According to the ACCP guidelines, warfarin may be used preoperatively. The ASRA consensus conference recommendation is to monitor the PT prior to initiating neuraxial block. For the reasons outlined above, initial dosing of warfarin can be unpredictable and thus problematic. Moreover, until catheter removal, it must also be checked on a daily basis and again, onset of action can be unpredictable and one my find themselves with a therapeutic INR and an epidural catheter in place. At this point the only options are vitamin K and or FFP after which the redosing of warfarin is very difficult.
Physicians using LMWH combined with neuraxial block anesthesia may feel confident in terms of efficacy and safety. Clinical studies to reaffirm the safety and efficacy of this approach continue. The results from one such study34 were presented in February 1999 at the annual meeting of the American Academy of Orthopedic Surgeons. The study reviewed the outcome of 487 sequential total joint patients who received enoxaparin for DVT prophylaxis. Of these, 256 underwent total hip replacement (208 primary, 48 revision) and 231 underwent total knee replacement (204 primary, 27 revision). The patients consisted of 238 women and 149 men aged 18-92. Diagnoses included osteoarthritis (344), rheumatoid arthritis (31), avascular necrosis (20), post-trauma (6) and miscellaneous others.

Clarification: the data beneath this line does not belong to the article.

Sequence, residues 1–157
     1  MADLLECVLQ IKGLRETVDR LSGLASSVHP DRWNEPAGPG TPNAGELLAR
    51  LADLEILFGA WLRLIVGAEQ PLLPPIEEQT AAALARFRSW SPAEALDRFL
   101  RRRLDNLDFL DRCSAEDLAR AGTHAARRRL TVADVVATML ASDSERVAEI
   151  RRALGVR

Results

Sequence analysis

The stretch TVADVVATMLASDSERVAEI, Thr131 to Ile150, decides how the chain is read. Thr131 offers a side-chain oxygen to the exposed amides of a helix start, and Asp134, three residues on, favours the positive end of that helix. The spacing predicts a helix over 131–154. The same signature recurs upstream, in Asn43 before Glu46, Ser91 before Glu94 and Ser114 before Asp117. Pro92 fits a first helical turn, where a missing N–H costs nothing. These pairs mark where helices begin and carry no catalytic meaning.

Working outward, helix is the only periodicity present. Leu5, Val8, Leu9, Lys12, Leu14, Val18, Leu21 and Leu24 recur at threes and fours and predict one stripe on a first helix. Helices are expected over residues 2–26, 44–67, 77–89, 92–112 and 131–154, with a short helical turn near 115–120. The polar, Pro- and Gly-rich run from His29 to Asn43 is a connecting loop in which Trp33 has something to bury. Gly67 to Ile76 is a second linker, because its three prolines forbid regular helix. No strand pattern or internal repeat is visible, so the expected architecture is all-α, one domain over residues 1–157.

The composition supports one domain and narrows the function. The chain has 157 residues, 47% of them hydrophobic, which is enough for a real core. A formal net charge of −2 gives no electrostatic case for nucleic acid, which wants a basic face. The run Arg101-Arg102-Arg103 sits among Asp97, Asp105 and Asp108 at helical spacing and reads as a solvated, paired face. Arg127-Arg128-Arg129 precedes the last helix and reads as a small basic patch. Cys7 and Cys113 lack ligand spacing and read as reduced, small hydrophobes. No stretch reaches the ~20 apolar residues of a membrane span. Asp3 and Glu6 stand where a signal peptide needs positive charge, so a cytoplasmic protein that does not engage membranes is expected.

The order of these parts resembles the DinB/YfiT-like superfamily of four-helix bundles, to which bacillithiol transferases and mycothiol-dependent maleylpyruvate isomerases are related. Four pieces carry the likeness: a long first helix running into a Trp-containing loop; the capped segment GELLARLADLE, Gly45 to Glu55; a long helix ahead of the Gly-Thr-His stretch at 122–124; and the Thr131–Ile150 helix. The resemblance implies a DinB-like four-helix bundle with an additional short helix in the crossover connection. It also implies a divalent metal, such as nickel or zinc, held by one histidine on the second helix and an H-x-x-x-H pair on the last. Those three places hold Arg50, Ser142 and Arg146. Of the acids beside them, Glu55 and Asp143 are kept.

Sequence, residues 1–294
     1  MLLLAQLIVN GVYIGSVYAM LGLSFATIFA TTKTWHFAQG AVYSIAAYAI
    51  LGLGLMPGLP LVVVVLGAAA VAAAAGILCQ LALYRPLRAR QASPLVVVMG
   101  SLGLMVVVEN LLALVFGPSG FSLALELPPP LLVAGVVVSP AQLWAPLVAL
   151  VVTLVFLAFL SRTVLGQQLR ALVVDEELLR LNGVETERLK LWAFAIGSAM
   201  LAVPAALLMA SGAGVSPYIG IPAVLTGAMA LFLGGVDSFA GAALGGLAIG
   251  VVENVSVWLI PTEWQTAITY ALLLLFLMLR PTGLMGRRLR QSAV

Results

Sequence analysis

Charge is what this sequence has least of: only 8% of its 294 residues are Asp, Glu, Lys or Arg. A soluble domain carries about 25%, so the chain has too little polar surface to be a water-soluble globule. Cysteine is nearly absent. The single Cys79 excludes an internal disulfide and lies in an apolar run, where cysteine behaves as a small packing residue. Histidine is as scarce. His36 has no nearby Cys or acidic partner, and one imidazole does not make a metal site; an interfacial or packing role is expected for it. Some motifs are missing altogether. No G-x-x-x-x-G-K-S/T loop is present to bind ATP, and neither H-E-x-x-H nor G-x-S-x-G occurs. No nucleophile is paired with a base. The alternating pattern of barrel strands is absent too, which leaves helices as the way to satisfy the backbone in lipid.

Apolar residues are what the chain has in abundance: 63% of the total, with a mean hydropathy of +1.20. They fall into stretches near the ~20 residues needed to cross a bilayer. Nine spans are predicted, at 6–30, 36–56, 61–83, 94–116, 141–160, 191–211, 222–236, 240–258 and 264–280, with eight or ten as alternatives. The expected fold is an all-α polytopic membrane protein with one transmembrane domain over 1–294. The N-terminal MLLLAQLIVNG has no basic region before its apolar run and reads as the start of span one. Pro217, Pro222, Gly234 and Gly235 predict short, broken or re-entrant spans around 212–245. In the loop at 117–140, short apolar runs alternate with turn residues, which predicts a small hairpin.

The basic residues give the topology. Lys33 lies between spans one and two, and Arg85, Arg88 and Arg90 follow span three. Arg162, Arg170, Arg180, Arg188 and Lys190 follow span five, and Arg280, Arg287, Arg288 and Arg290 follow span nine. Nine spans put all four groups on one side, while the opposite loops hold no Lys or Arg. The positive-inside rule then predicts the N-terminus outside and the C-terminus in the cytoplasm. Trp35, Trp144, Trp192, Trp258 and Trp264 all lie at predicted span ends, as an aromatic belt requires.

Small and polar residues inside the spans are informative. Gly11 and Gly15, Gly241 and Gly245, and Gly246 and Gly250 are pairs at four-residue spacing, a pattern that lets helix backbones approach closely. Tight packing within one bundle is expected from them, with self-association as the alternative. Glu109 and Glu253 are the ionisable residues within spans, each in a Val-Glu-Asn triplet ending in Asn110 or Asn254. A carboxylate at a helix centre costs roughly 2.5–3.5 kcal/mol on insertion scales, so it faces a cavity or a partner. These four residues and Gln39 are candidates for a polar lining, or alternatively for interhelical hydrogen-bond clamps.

The protocol required starting enoxaparin prophylaxis 12 hours postoperatively at 30 mg bid. General anesthesia was provided for 234 patients and spinal anesthesia was given to 253 patients. There were no spinal hematomas or any other serious complications related to neuraxial anesthesia. There were four nonfatal pulmonary emboli and one case of DVT in the 487 patients, for an incidence of 1.03%. Bleeding complications were also rare. Transfusions over two units were required in 3.7%; wound hematomas, 0.4%; wound drainage lasting more than 5 days, 13.3%; gastrointestinal bleeding, 0.8%; and platelet counts <100,000 resolving spontaneously, 2.9%. The administration of enoxaparin was discontinued by the physician in 3.7% of patients.
This study clearly demonstrates is that enoxaparin is safe and effective, and remains so even when employing neuraxial anesthesia technique. As long as enoxaparin and the other LMWH drugs are used in accordance with the guidelines generated by the ASRA in the May 1998 Consensus Conference, then neuraxial anesthesia can be used in the context of pharmacologic DVT prophylaxis.
As a class, LMWH drugs have revolutionized DVT prophylaxis and treatment in orthopedic surgery, general surgery and trauma and have in many of these circumstances have become the standard of care. LMWHs are being use to bridge chronically anti-coagulated patients pre-operatively to surgery on an out patient basis. Further LMWHs are becoming the treatment of choice in acute coronary syndrome and my soon replace unfractionated heparin in this circumstance. LMWHs are therefore a reality of present day medicine and must be integrated into our anesthetic practice. It is therefore imperative anesthesiologist understand these drugs individually and are fluent in the published drug specific guidelines. From this understanding anesthesiologists should participate in the establishment of institutional guidelines so that complications are avoided and outcome optimized.